Many of the fairy tales collected, were collected because people thought that fairy tales and folk religion would help scholars understand the peasants and therefore the true heart of a country. In America, where everyone was an immigrant, collecting the gossip of random peasants wasn't likely to teach anyone about America's past. Rather it would teach people about the past of many other places, and so the gossip of immigrants just wasn't as interesting to American scholars as the gossip of isolated peasants was to European ones. There were exceptions of course, and the article mentioned at the beginning of this post is one of these.
Many of the Hmong believe that less Dab (spirits) live in the United States. The Hmong lament that they don't know the local spirits that do live hear and so find it difficult to live in the United States. (Encyclopedia of Asian American Folklore and Folklife)
Owen Davis in his book stated that "In Western Europe the fairies were rooted in local geographies and popular interpretations of the ancient landscape." He goes on to argue that in America people didn't have as many fairy traditions because they could no longer see the raths and trees where these stories took place. While an interesting idea, I would again point to the fact that fairy traditions remained strong in Newfoundland, and Iceland after people migrated to these places.
Davis’s point is interesting, but I think that there is a lot of evidence that many of these stories did come over, and that what happened was that they faded quickly just as they did in the Lowlands of Europe. Once this happened these beliefs came to be frowned upon and so new migrants rarely talked about them, or were ignored when they did.
That said, there are a number of tales and memorates which clearly indicate that fairies did in fact come to America.
For example, there are the Fairy Stones of Virginia.
Many hundreds of years before Chief Powhatan’s reign, fairies were dancing around a spring of water, playing with naiads and wood nymphs, when an elfin messenger arrived from a city far away. He brought news of the death of Christ. When these creatures of the forest heard the story of the crucifixion, they wept. As their tears fell upon the earth, they crystallized to form beautiful crosses.
The book "Folk Beliefs from Arkansas" edited by Mary Parler has a number of short snippits of fairy lore, including;
“If a crowded room becomes deathly quiet at 20 til or 20 after the hour, it means the angels are passing through the room.”
“When I was about eight or nine my mother would have me look for rings of mushrooms (clusters). This ring was supposedly left by a fairy and it was a good luck sign. You stand near the ring, close your eyes, make your wish, then turn away. I always looked for these when playing or visiting my grandparents in the country.”
“If logs in a fire burn with blue flame, good fairies are watching you.”
“After dark you never throw out water, sweepings, and etc. for you might accidently hit one of the ‘little people’ and make them angry. My mother told me this; she said she could remember her grandmother saying and practicing this. She came from Ireland.”
"I’ve also heard stories of healers who got their “gift” from the Fair Folk."
There are many such little snippets from around the country, though as previously stated, most of these are form the most isolated areas, places which schollars ignored for a long time, and where people often wouldn't talk about their beliefs with outsiders. One collector of tales in the Ozark Mountains states; "mention witches and they all shut up like clams. If they say anything at all on the subject, it will be that they do not believe any such foolishness. Some of them will even deny that they ever heard of witches or witch masters."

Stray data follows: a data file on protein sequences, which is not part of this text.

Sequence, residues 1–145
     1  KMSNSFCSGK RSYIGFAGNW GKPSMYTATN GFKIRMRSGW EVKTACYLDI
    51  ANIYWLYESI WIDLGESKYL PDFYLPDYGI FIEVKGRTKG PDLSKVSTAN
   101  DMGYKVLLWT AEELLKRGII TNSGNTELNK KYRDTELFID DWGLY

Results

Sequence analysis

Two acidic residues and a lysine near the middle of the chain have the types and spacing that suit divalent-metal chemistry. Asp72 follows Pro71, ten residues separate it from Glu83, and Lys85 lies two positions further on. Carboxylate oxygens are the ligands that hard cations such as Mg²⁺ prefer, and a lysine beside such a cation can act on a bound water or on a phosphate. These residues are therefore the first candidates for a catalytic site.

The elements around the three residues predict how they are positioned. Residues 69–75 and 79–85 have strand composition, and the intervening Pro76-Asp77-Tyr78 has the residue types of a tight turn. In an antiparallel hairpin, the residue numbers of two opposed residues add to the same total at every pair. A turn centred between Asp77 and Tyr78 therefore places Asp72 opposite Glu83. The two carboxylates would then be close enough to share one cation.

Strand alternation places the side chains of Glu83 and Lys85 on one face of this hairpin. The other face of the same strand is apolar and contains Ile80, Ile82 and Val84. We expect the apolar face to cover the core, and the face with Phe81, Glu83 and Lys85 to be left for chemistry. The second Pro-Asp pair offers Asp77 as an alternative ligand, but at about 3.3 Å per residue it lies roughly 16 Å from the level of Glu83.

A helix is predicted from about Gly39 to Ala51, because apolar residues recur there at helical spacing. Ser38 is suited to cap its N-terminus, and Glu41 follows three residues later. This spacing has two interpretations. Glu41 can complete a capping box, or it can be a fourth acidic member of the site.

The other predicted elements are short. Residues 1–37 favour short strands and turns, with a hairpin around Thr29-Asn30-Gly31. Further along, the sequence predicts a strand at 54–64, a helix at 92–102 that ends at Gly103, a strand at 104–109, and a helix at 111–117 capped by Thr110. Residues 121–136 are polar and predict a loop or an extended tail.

Even so, these witches were once a part of the gossip of the area:
"A witch can assume the form of any bird or animal, but cats and wolves seem to be her favorite disguises. In many a back- woods village you may hear some gossip about a woman who visits her lover in the guise of a house cat. Once inside his cabin, she resumes her natural form and spends the night with him. Shortly before daybreak she becomes a cat again, returns to her home, and is transformed into a woman at her husband's bedside."
"Ozark Superstitions" by Vance Randolph
Or "Another well-known tale is concerned with a witch who assumed the form of a swamp rabbit and lived on milk. A farmer saw this big rabbit sucking his cow and fired at it with a load of turkey shot"
This second story is of interest because sucking milk from a cow in the form of a rabbit is one of the most common activities of fairies and witches in Celtic Europe. So it seems that many of the activities ascribed to fairies in Europe became the activities of witches and ghosts alone.
This may lead back to the idea of gossip, to what people were willing to talk about. After all it was often forbidden in folklore to mention when the fairies did something good for you. So, over time, stories about the good things they did would disappear, as they did with the water fairies in England.
Regardless, European and Asian fairies and spirits did come to America, we just gloss over, or forget this heritage. Of the Pilgrims Fraser McAlpine, from BBC America Wrote
“They believed in fairies
The Pilgrims belonged to a religious order that came out of the newly-established Church of England and was created during a period in which science was often indistinguishable from magic and therefore hokum. Coming from England, their cultural identities were hugely informed by folklore and ancient tradition. So while they had strong religious beliefs that informed their every decision, they also believed in the supernatural (including fairies), as every beneficiary of that cultural tradition did at the time.”
So, if you want to write about Early European settlers in America, perhaps it’s time to start including the fairies.